Extracting teeth is historically the best known procedure performed by dentists. Before anesthesia was discovered, removing the tooth was the simplest and least painful way to stop a toothache and prevent death from infection. Today the Marconi Dental Group has many tools and techniques to save damaged teeth, such as fillings, root canal therapy, crowns and even veneers. Yet in certain circumstances, such as with severe gum disease, significant trauma or a crack in the root, the tooth cannot be salvaged and must be extracted. Here we explain the two basic tools used in a tooth extraction.
The Dental Elevator
A dental elevator takes many different shapes and forms, but essentially it is a tool that works like a lever. As its name suggests, it lifts the tooth up and out. Some teeth can be removed strictly by using an elevator.
The thin end of the elevator is worked underneath the exposed part of the tooth, between the tooth and the jawbone. By working the elevator, the tooth is then pried out of the root socket. This usually works well since the root is generally narrow at the bottom and wider at the top, so the further up the tooth moves, the easier it becomes to lift.
When the elevator cannot make much progress, or the tooth shape does not allow its use, dental forceps are another tool available for extraction. Essentially, they are like dental vise-grips, or a pair of pliers. This tool firmly grabs the tooth, allowing the dentist to wiggle it in the socket, creating space between the roots and the socket walls. When there is sufficient separation between the roots and the jawbone, the tooth is removed with either the forceps or a return to the elevator.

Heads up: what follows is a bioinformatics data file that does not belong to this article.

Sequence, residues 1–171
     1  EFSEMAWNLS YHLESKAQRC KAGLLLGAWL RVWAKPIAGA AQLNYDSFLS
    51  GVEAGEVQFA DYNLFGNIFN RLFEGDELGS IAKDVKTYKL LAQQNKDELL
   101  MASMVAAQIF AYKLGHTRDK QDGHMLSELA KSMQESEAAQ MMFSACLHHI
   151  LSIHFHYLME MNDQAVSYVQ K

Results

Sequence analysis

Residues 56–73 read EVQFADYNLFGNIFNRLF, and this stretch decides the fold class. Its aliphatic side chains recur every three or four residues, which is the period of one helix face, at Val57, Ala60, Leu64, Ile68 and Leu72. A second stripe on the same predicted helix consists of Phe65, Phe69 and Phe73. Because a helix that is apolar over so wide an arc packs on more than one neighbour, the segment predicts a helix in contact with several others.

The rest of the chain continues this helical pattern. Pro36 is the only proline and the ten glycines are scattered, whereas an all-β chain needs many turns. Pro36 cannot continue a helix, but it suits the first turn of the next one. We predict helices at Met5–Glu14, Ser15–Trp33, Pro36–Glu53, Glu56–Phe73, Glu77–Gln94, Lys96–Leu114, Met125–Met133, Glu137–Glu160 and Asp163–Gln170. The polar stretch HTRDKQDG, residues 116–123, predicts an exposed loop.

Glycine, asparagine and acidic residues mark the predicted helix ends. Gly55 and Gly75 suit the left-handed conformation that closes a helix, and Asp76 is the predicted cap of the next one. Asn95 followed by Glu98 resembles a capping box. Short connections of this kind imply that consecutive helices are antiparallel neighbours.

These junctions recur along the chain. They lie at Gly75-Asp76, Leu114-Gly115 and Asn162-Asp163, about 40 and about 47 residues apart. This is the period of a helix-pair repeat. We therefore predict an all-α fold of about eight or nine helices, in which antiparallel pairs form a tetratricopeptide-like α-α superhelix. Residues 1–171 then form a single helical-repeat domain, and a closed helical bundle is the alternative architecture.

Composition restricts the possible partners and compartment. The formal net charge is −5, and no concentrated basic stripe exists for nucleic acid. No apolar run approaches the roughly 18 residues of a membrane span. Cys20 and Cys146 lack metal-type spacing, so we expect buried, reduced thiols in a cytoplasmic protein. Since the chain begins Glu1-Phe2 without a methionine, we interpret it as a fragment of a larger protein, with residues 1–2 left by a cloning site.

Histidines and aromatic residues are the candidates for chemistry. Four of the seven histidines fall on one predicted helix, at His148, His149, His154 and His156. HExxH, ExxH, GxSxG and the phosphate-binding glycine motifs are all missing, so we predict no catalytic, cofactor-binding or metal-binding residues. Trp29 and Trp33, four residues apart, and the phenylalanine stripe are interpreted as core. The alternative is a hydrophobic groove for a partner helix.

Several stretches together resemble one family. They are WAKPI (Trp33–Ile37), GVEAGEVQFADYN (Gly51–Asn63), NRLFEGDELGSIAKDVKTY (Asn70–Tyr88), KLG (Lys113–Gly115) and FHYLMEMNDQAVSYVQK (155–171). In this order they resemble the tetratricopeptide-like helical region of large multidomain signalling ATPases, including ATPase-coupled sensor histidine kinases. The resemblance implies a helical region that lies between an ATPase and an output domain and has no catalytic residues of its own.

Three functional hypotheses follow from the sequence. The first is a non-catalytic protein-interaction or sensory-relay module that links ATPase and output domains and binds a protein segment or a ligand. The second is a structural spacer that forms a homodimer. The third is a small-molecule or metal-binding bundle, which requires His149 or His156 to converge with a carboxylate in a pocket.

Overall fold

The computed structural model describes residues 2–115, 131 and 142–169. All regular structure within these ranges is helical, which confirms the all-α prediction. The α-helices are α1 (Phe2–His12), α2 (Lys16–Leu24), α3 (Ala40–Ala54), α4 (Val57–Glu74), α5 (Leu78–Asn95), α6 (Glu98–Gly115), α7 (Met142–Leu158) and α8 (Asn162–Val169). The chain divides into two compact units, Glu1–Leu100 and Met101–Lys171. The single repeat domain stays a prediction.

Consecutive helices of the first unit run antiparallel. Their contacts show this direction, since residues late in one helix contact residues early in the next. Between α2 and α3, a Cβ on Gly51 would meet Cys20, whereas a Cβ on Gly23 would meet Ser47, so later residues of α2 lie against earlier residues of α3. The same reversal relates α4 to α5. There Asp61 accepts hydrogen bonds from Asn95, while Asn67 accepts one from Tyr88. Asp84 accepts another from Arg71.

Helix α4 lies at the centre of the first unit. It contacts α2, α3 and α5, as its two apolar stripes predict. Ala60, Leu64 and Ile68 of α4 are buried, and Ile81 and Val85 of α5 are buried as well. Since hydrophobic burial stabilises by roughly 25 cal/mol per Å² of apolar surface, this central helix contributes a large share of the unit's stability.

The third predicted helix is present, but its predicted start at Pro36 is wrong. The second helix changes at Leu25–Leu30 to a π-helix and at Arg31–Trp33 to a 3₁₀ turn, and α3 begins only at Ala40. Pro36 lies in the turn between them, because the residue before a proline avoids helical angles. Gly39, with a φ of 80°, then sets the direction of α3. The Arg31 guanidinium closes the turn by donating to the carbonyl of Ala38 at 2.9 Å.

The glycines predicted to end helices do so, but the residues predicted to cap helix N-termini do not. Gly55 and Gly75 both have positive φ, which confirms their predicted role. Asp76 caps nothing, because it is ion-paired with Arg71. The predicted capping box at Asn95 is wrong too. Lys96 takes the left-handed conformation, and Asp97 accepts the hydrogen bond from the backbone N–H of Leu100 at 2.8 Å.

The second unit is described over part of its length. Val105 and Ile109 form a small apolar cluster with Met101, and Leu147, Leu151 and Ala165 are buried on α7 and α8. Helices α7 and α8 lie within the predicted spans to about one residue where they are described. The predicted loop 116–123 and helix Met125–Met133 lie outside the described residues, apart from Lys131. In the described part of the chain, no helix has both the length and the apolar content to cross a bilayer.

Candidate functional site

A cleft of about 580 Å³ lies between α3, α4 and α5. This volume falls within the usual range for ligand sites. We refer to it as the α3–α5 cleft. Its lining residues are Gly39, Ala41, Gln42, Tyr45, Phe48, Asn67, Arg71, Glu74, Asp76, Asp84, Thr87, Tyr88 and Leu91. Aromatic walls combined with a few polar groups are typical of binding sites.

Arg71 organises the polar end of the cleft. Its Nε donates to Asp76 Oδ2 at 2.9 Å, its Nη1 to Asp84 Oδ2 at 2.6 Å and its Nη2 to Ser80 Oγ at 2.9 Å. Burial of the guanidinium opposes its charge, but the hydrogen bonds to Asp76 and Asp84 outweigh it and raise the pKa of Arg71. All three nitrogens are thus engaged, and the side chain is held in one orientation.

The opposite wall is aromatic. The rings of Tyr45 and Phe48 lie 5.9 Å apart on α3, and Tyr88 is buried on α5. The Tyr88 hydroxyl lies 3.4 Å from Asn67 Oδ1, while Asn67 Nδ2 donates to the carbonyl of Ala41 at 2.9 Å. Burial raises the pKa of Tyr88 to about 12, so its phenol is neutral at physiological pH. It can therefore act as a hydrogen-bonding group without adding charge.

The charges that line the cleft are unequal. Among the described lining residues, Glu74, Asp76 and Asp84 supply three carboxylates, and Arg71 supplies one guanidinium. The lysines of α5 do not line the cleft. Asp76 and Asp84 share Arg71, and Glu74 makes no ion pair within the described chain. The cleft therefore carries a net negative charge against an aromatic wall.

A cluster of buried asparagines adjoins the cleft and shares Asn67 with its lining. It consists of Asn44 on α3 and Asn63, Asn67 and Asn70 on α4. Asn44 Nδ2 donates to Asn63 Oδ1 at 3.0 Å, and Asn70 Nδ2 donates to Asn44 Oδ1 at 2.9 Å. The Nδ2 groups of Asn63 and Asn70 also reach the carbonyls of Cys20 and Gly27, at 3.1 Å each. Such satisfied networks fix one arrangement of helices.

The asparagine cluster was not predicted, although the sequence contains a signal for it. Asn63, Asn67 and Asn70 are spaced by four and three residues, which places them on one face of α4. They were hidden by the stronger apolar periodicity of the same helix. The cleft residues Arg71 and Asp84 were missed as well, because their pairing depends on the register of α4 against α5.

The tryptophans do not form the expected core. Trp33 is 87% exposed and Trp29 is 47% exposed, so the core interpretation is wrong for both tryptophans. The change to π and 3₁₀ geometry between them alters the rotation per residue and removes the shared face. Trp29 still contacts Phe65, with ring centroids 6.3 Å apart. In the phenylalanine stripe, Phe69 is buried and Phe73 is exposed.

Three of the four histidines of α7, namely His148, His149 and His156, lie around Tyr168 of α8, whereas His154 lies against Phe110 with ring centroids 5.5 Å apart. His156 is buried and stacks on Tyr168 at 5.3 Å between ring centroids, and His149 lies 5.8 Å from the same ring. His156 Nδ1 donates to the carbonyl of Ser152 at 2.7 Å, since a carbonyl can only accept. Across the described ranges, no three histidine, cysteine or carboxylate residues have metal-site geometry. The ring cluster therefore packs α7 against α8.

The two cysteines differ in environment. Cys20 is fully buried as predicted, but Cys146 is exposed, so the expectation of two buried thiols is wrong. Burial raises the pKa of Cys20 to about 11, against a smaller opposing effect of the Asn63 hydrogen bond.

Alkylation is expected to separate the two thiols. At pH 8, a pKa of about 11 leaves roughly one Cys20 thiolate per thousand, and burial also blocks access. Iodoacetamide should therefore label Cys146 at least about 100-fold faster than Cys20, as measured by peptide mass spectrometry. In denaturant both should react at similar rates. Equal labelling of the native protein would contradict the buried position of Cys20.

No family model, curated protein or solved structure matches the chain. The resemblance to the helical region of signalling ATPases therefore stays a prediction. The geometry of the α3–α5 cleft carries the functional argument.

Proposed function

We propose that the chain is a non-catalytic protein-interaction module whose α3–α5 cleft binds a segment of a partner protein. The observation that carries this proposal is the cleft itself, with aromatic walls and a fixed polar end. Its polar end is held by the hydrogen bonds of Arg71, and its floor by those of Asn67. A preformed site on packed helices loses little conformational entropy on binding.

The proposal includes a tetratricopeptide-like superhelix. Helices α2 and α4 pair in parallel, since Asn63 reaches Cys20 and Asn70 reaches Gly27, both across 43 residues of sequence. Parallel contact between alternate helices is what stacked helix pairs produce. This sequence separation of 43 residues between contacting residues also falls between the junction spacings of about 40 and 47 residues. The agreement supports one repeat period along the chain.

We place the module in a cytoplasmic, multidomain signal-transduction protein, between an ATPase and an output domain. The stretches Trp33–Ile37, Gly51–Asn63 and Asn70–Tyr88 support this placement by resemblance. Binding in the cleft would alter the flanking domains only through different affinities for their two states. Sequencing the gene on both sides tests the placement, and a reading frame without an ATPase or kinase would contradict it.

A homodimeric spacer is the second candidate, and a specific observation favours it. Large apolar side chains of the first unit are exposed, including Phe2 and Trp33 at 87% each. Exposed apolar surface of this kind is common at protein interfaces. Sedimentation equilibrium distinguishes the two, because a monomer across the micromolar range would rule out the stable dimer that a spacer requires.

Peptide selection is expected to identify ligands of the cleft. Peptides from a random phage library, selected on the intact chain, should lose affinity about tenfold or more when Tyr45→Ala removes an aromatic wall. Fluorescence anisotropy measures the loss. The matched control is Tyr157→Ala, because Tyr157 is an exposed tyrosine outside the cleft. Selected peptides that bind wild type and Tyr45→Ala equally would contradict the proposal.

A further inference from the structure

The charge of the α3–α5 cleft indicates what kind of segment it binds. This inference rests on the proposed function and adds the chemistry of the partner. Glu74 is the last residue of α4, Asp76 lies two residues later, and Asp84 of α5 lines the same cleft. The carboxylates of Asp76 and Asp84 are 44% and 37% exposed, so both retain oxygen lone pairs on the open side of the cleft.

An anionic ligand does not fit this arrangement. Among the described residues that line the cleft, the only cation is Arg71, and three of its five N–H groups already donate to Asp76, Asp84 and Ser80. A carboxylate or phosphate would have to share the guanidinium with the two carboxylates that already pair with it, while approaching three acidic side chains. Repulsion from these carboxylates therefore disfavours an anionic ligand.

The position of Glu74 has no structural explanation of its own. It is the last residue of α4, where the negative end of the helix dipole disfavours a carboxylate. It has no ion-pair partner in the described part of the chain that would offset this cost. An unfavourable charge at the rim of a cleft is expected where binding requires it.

Oral Surgery for Impacted Teeth
In some cases, especially with wisdom teeth, the tooth is either underneath another tooth or has not even erupted. In these situations, surface level tools like a forceps and elevator must be accompanied by surgical procedures to expose the tooth. While these extractions can be performed without general anesthesia, many patients choose this option due to the greater complexity of the procedure.
Extraction Results Vary
Some teeth are pulled in less than a few minutes. Other teeth, especially the rear molars, can take significantly longer. Patients often feel pressure on their jaw during the extraction and will likely have post-procedural swelling, bleeding and possibly even bruising. It all depends on the ease of the extraction.
Local anesthesia should prevent pain during routine extractions. Obviously, this is a time when some patients desire anti-anxiety medication, oral conscious sedation or nitrous oxide. All of your pain relief and sedation options are discussed with you before the procedure. While the thought of an extraction may cause anxiety, there is absolutely no need for you to feel the least bit anxious while in the dental chair.